Redefining NBA Basketball Positions

For the MIT Sloan Sports Analytics Conference a few weeks ago, Stanford biomechanical engineering student and Ayasdi analyst Muthu Alagappan presented his work on redefining basketball positions.

After studying players like LeBron James and Blake Griffin, many analysts are now suggesting that there are new positions, which are simply hybrids of the one’s we already had. For example, some players are now labeled “point-forwards” or “combo-guards.” But what if we were wrong about our initial five positions. Maybe a “Center” is just a label for people over a certain height, and there are actually three different types of big men in the NBA.

An analysis, done with data exploration tool Ayasdi Iris, provided 13 possible positions, as shown above. Nodes and edges are colored by points per minute on a blue (low) to red (high) scale.

So for example, those typically classified as centers or power forwards are classified as scoring rebounders, paint protectors, and scoring paint protectors. Dirk Nowitzki might be considered a scoring rebounder, whereas Joakim Noah is a paint protector.

The point? Hopefully teams can use this information to make better decisions about who to trade and draft. Of course, I’m sure scouts know about these fuzzy positions already, so I think the next step is to look at what positions the best teams have and had, and more importantly, how a “one-of-a-kind” player can change everything.


  • So what’s the data that the graph is based on?
    Like this it means nothing at all.

    • The slidehow is handy in figuring out that it is based on actual player data (it looks to be a number of statistics such as points, blocks, etc, per game). The problem is that the actual player data has multiple dots for a single player.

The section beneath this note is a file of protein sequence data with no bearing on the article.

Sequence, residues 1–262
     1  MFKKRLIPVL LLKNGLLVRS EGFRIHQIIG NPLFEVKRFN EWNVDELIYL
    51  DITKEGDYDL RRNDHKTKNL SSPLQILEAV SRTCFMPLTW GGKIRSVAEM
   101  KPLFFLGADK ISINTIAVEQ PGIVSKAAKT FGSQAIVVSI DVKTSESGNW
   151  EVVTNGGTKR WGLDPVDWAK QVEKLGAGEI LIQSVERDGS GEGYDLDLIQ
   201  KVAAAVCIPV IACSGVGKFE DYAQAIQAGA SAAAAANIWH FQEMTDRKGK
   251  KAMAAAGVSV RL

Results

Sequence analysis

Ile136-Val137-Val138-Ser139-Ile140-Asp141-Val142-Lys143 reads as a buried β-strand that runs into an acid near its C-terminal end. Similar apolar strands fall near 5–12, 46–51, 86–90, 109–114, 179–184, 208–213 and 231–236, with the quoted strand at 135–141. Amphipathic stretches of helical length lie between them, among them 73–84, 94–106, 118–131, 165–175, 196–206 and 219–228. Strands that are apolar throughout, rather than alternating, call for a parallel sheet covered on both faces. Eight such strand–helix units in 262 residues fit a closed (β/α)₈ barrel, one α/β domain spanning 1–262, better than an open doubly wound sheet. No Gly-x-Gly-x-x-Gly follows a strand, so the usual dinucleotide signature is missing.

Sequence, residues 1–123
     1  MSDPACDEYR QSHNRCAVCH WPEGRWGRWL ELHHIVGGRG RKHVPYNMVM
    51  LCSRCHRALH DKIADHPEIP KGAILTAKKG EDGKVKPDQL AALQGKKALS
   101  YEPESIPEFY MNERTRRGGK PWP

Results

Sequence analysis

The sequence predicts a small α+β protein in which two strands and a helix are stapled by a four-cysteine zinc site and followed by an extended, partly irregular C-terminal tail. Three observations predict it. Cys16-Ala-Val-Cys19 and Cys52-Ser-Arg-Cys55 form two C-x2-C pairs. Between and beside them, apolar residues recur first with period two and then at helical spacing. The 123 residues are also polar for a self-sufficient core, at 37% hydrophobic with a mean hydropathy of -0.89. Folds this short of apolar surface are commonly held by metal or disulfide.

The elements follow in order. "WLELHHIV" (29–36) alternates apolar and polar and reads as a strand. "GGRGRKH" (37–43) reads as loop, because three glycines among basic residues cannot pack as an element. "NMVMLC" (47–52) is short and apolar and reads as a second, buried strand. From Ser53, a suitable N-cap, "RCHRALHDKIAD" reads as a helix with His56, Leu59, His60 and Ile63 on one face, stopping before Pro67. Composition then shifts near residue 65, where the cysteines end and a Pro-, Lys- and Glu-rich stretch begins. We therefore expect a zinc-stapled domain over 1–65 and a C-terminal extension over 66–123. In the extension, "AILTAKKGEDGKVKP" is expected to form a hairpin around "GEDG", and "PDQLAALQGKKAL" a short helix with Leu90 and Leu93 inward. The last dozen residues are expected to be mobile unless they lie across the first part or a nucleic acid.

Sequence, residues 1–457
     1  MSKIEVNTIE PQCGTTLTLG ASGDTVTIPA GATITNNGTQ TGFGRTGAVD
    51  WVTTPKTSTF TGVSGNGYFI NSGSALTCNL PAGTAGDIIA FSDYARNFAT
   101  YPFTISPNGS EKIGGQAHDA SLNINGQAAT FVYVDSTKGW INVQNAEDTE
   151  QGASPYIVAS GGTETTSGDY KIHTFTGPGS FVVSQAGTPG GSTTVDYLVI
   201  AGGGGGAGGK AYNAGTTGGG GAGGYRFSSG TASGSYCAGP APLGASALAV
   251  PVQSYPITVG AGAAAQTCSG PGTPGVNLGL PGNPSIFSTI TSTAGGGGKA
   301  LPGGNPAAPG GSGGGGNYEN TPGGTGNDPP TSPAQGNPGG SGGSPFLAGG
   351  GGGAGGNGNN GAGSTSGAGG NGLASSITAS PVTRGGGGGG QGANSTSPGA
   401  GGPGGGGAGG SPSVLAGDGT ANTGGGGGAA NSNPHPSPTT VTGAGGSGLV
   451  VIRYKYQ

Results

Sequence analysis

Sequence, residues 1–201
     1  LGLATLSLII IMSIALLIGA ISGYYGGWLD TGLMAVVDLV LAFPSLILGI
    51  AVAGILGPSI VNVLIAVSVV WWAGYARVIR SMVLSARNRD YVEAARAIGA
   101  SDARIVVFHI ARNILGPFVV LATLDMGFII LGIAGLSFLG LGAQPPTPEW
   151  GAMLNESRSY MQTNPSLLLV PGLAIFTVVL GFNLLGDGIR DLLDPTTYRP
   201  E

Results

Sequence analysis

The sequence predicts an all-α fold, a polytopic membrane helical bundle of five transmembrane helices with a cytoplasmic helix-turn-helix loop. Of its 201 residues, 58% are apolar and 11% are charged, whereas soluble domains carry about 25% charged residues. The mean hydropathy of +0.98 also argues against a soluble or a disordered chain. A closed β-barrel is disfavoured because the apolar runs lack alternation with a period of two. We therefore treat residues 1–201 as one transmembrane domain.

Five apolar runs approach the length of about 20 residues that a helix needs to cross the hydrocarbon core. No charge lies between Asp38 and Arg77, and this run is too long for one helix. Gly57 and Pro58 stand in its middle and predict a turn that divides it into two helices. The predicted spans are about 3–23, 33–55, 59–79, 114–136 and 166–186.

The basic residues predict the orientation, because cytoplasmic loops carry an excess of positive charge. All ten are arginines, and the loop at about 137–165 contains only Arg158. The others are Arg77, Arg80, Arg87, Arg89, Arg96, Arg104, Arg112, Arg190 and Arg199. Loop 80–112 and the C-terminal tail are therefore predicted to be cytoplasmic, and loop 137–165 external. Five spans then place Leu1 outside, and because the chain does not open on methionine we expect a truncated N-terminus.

In the end, the graph for the champion Mavericks looks very much like the graph for the deadful Timberwolves.

      My guess is that it’s a strange visualization of principal components / factor analysis on NBA players. I would claim that it fails in the end, mainly because I still have no idea which players / teams are better (or even different) after looking at it.

  • If there’s a paper available, I’d like to see it because the slides don’t tell me anything. These new “basketball positions” Alagappan has suggested aren’t really new; most people with some knowledge about basketball know all players have various tendencies even as they’re one of five guys on the court. For instance, small forwards range from ball-handlers, defensive stoppers, 3-point specialists, and slashers. Anyone can watch a few basketball games or play a few games of NBA 2K12 and figure them out.

    Also, 4 of his 13 positions are quantitative (based on productivity) rather than qualitative, which makes them particularly useless. Should I really be surprised that my team should aim to get and pay max contracts for “one-of-a-kind” players rather than on glorified role players? Stats might help me figure out the difference between an NBA 2nd-Teamer and a 1st-Teamer, but statistical tools, like John Hollinger’s PER are already out there.

    Finally, how is LeBron not “one-of-a-kind?” I dislike the guy, but I don’t see how Rose is “one-of-a-kind” and LeBron isn’t. And Caron Butler hasn’t been anything close to “NBA 2nd-Teamer” in years.

  • Nodes are players, but what is an edge? That is, when are two players linked by a common edge?

  • My guess is that the presenter did develop a useful way to translate quantitative statistical categories and chart them against each other, and use the clustering of results to redefine multiple new player types. Perhaps the data and the use of data is there, but it falls apart in visualization and especially as a stand alone power point.

  • As mentioned in his slides, the presenter works for a Silicon Valley data analytics company called Ayasdi:

  • In which world can we get a metric, where Rajan Rondo is a role player!?

  • Stuart Scott July 24, 2012 at 1:47 pm

    Wow…that Celtics example really fell apart, huh? Goes to show you this guy doesn’t know as much as he think he does…It’s too bad the ideas at Stanford don’t map to what really happens. Why isn’t Kevin Love the top scoring-rebounder? I think everyone knows he is the best scoring rebounder in the NBA. Try again, California.